September 1988 seems like ages ago. With an employee number starting with 274, I just got asked at the mobile range, “Why are you still here?” Well, the truth is, I was one of the five youngest members of Class #248. At age 54, I still have some work to complete before riding off into the sunset and joining those at the Retiree Roundup.
As many this year look toward retirement as the next chapter of life, I seem to share one regret with many others … not knowing more about personal finance sooner in my life. An executive from one of the supplemental insurance carriers that works with PPOA asked me recently what their company could do differently to assist PPOA members. The first thing that came to mind was identifying a mechanism to bridge the financial literacy gap among many of our younger (and not so young) members.
Neither the County nor the Department impart any fiscal wisdom on to its employees. Here is your check. Sign up every October for insurance. Be a good employee.
School systems in the past few decades have removed classes involving basic living skills, e.g., home economics, from the curriculum. How many in this generation even know what a checkbook is, let alone how to balance one or track spending?
The world today is complex with an abundance of opportunities, yet many people, including my children, come out of school/college lacking the ability to survive financially, especially here in Southern California. Gas prices have doubled in the last 30 days. Who can afford a starter home on one income in the greater Los Angeles area?
In my years on the Department, and now as PPOA president, I have borne witness to or have shared in the devastation of loss experienced by many families. Oftentimes, these tragedies are exacerbated by the financial decisions (or lack thereof) made by their loved ones prior to their passing. Be sure to designate your beneficiaries and update them throughout your life. You will go through many life experiences accompanying the ups and downs of your career. Those experiences — marriage, divorce, kids, promotion — all play into your future. Be prepared along the way. Create a living trust to protect your assets and specifically outline your personal decisions in case you are somehow incapable of communicating those desires yourself. Educate yourself on every aspect of the benefits provided to you by the County, whether it be the retirement system, medical insurance or disability benefits. With that knowledge, solicit information on any supplemental insurance that you feel may be needed to fill in any deficiencies in your life or that of your family.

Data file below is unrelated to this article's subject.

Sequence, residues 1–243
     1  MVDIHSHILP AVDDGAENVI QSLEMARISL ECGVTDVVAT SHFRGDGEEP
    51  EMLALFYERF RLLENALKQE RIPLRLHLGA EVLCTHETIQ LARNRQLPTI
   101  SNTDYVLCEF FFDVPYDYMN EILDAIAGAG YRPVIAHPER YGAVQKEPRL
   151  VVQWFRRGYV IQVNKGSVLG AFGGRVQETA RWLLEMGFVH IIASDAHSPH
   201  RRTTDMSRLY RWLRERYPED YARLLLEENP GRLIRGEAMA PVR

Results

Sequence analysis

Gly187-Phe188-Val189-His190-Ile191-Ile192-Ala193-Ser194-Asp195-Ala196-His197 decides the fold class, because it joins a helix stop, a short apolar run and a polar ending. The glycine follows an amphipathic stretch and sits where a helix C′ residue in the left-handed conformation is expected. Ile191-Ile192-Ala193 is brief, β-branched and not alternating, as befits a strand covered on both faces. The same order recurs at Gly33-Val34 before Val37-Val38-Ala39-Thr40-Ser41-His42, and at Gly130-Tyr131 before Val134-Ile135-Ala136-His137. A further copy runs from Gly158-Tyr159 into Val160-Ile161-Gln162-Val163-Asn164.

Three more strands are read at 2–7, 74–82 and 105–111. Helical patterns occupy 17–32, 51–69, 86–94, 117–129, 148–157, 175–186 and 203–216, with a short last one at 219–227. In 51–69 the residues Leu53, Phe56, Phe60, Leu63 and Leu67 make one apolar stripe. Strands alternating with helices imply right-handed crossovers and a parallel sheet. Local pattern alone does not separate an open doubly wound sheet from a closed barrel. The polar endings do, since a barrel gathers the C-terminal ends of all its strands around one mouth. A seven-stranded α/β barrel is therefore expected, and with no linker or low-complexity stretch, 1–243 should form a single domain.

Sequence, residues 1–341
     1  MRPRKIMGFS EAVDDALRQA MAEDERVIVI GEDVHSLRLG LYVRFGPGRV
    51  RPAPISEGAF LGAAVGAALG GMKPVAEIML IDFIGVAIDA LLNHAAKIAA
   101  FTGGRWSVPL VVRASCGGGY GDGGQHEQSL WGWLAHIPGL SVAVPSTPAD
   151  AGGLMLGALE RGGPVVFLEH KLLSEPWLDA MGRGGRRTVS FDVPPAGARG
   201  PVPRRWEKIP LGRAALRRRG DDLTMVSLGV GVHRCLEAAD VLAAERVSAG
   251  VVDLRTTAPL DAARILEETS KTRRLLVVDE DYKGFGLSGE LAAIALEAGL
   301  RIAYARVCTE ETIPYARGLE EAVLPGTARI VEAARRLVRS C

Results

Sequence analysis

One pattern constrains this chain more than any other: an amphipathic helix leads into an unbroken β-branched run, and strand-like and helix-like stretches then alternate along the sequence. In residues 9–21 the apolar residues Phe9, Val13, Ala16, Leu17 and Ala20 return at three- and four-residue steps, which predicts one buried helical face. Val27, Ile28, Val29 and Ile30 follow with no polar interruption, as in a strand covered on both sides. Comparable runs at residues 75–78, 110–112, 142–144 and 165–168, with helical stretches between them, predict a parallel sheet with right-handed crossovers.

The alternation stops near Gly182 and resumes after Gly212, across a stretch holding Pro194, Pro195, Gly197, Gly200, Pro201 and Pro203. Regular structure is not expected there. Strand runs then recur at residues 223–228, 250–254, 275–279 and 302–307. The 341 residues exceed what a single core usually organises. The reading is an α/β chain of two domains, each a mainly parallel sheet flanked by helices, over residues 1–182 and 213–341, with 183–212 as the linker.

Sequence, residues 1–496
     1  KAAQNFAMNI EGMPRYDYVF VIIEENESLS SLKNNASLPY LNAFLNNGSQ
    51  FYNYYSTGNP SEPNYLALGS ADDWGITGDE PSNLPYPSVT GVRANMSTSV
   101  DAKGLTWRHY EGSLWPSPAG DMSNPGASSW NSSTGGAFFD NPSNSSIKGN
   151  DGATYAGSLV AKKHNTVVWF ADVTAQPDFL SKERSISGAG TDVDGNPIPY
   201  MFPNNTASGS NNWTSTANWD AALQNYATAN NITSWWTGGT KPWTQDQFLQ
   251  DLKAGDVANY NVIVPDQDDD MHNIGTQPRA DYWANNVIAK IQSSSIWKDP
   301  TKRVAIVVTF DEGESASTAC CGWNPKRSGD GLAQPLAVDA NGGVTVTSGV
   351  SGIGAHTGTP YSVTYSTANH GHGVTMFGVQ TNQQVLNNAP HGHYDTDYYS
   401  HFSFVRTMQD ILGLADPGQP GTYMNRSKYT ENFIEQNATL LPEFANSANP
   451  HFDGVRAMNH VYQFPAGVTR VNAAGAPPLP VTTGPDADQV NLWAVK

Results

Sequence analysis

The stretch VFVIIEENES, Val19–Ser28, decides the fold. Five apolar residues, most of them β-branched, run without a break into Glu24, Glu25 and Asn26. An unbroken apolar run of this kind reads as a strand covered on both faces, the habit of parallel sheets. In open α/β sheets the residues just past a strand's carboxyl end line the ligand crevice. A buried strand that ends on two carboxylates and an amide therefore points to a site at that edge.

Seek assistance from a financial planner early on. It is never too late. The world is more complicated, yet more information and tools await you in your smartphone than were ever available before. Use them wisely. Educate yourself on the benefits of compound interest and consistent saving/investing and start as soon as you can. Stop watching TikTok videos and use the budgeting apps, investment websites and cryptocurrency tools that are all available in the palm of your hand. Take the time and make the commitment to yourself and your family to utilize the resources available as well as the salary and benefits of your career to live a long, healthy and prosperous life.
I pass this information on to you from the many friends and family who are/have retired in the past few years. This information is not my rantings, but the advice provided to me by many smart people who now live very comfortably in the chapter after their careers in law enforcement. Many have asked me to pass on these tidbits, such as ensuring you always have a significant amount of time on the books for unforeseen circumstances. You do not want to be short of time toward the end of your career. Others want to remind you that it is never too early to start planning your retirement by attending a LACERA seminar or calling for a one-on-one counseling appointment. And don’t forget to review all the details of your personal financial statements at least once a year. You would be amazed at how many previous subscriptions or charges you may have forgotten about, which add up monthly/annually.
My life experience, career and now body remind me that while 1988 seems like yesterday, this Department has provided for me and my family for over three decades. In hindsight, I could have done many things better. It is my hope that reading this article will impart at least one nugget of experience to you, as well as provide a personal checklist to remind you to take the time to make the financial health of yourself and your family one of life’s priorities.
PPOA is proud to be your union. We stand ready to assist with these concerns or any others you may have. Thank you for being a member of the PPOA family.